New Jersey Leads the Way!

The author of today’s article, Derek Walker, is deputy director of the state climate initiative at Environmental Defense.

Last week, New Jersey’s House and Senate Budget Committees passed a landmark global warming bill called the "Global Warming Response Act". It sailed through the full House and Senate two days later and Governor Jon Corzine says he will sign it in July.

The bill will cap greenhouse gas emissions at 1990 levels by 2020, and lower the cap to 80 percent below current levels by 2050 (see New York Times article). It is the first bill in the nation to legislate a 2050 target. This is important because 2050 targets are crucial to avoiding the global warming tipping point, and are a component of the bills currently before Congress. When forward-looking states pass legislation like this, it can force the federal government to do likewise.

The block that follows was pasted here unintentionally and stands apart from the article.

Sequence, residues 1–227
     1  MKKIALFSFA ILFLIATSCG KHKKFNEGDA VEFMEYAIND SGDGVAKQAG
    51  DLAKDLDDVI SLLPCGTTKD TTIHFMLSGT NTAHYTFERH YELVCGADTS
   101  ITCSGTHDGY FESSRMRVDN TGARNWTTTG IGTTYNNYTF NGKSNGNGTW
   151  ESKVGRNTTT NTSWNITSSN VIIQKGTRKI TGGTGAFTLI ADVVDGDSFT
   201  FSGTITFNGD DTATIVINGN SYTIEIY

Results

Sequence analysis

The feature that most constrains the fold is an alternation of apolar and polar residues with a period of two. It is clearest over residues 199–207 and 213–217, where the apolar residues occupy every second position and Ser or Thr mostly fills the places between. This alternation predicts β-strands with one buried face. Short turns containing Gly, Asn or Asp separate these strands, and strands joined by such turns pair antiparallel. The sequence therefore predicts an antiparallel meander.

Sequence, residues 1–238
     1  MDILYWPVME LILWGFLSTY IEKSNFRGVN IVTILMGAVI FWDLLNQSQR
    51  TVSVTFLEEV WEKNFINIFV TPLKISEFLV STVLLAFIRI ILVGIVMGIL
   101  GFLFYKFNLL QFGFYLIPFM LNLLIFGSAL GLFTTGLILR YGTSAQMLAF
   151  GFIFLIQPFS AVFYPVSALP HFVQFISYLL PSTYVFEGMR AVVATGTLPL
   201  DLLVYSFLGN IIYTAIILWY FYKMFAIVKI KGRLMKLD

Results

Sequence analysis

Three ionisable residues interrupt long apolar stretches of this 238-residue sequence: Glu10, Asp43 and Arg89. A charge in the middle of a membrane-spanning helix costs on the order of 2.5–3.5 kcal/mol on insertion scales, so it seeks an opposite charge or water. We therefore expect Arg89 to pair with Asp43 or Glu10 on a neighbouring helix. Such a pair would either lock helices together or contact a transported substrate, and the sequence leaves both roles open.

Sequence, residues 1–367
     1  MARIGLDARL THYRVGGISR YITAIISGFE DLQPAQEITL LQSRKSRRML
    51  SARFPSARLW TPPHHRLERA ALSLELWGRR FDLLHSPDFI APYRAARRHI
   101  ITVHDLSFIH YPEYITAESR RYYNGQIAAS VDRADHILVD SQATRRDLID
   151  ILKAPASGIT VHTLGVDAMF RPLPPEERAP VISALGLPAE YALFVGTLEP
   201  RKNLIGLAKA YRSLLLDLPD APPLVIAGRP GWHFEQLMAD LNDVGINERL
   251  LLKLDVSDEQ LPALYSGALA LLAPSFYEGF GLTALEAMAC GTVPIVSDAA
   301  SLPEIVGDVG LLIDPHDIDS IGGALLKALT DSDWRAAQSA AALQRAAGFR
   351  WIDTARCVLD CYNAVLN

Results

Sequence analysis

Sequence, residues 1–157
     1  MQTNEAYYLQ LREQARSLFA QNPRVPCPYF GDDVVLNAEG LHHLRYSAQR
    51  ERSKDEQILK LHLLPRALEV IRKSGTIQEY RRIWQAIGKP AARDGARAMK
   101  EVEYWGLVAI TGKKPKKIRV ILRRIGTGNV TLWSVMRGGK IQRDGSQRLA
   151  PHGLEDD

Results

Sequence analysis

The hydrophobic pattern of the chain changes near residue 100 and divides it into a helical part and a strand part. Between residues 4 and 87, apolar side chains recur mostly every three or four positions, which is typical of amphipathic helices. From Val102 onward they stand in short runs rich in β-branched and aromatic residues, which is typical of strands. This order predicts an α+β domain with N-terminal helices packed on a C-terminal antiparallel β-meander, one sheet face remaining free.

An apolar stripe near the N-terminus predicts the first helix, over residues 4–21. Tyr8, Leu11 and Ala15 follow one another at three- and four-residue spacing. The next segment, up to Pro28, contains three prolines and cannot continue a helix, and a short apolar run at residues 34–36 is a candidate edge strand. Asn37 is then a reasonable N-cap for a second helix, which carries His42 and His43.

I went to Trenton to testify before the Budget Committee, and left there inspired.

It wasn’t the first time I’d testified in New Jersey. Two weeks prior I testified before the Senate Environmental Committee, and everyone was still unsure whether the legislature would pass the bill this year. I told the committee that passing this bill would make New Jersey a global leader in environmental protection, plus there were practical benefits such as increasing home values.

By the time I went back on June 18, it was all over but the voting. A majority of the full House and Senate were co-sponsors of the bill. My testimony was quite short this time. I simply said that New Jersey should be proud to be the first state to pass a 2050 target.

The legislation doesn’t specify how the targets will be met – it instructs state agencies to get together and work it out. Some say this is a weakness, but I think the built-in flexibility is a strength. The emissions monitoring program will include emissions from power plants in other states that export power to New Jersey – also a good thing.

You might think, New Jersey is just one state – and a small one at that – so how much does this matter? It matters quite a bit! State action has the power to force federal action.

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